Singer served as coordinator of the Defense Policy Task Force for Barack Obama's 2008 presidential campaign. In addition to his work on conflict issues, Singer is a member of the State Department's Advisory Committee on International Communications and Information Policy.[5]

Singer has provided commentary on military affairs for many of the major TV and radio outlet, including ABC News Nightline, Al Jazeera, BBC, CBS-60 Minutes, CNN, Fox, NPR, The Daily Show, and the NBC Today Show. He is also a founder and organizer of the U.S.–Islamic World Forum, a global conference that brings together leaders from across the United States and the Muslim world.[6][7]

Singer has also worked with a variety of entertainment world projects, with Warner Brothers, DreamWorks, Universal including the movies Traitor, and Whistleblower, the TV series Strike Back and Curiosity, as well as the 24: Redemption movie/DVD, broadcast in 2008. Singer served as consultant on the bestselling game series Call of Duty.[8] In the entertainment sector, he has received awards/support from the Tribeca Film Institute, Sloan Filmmakers Fund, Film Independent, and FAST Track at the L.A. Film Festival.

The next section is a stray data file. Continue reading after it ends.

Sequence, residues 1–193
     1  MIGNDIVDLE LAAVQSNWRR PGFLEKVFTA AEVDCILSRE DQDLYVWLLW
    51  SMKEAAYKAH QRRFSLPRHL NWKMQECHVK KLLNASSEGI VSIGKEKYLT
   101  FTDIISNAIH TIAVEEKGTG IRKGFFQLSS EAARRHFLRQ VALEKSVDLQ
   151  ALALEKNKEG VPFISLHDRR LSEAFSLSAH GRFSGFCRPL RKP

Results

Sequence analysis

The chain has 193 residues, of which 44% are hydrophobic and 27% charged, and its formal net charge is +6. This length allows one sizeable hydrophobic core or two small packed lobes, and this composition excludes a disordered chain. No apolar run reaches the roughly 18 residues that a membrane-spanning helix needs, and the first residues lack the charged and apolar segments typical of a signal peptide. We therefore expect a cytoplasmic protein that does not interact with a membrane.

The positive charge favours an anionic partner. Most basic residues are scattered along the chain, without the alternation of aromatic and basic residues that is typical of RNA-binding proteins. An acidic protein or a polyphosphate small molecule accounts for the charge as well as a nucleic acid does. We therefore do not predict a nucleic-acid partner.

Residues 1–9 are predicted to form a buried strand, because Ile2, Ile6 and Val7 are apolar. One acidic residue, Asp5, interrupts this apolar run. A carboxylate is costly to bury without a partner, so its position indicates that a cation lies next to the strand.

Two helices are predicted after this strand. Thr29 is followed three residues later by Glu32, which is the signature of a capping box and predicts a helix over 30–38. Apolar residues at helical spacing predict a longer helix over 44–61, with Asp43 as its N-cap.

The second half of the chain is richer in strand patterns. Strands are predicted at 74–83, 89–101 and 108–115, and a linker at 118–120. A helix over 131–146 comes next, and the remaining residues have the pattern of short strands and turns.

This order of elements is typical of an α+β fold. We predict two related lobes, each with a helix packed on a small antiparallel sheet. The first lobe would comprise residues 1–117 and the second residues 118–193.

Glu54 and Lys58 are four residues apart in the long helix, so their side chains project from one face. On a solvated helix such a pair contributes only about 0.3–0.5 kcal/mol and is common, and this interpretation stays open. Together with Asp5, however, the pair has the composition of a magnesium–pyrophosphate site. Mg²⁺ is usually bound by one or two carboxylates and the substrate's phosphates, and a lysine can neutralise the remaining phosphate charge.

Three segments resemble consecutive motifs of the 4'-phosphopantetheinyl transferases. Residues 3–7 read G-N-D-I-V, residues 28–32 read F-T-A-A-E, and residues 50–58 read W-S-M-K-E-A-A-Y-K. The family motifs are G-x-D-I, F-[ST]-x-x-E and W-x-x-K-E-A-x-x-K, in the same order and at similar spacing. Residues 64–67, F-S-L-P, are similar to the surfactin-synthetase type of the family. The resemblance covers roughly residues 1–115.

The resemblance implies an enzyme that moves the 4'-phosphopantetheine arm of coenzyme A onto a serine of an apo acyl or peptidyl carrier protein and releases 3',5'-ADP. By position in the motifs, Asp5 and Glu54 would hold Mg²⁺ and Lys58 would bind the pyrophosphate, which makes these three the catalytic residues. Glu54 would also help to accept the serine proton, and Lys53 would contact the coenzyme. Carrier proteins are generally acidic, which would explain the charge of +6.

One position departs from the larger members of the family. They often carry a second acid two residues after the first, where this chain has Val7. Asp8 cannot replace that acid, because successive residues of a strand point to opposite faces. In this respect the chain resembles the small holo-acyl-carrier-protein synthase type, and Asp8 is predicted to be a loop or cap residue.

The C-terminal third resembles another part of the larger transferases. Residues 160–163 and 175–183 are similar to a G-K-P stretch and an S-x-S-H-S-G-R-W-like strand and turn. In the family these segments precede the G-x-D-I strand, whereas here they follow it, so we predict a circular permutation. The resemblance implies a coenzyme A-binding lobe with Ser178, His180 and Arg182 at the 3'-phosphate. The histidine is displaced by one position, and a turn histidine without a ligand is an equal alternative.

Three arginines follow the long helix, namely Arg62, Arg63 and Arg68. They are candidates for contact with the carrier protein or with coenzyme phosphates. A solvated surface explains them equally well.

Corporate Warriors[edit]

His first book Corporate Warriors: The Rise of the Privatized Military Industry (Cornell University Press, 2003, ISBN 0801441145) was the first to explore the new industry of private companies providing military services for hire, an issue that soon became important with the use and abuse of these companies in Iraq.[9] The book was named best book of the year by the American Political Science Association, among the top five international affairs books of the year by the Gelber Prize,[10] and a "top ten summer read" by Businessweek. It is now in the assigned texts at venues ranging from Yale Law School to the Army War College.

Children at War[edit]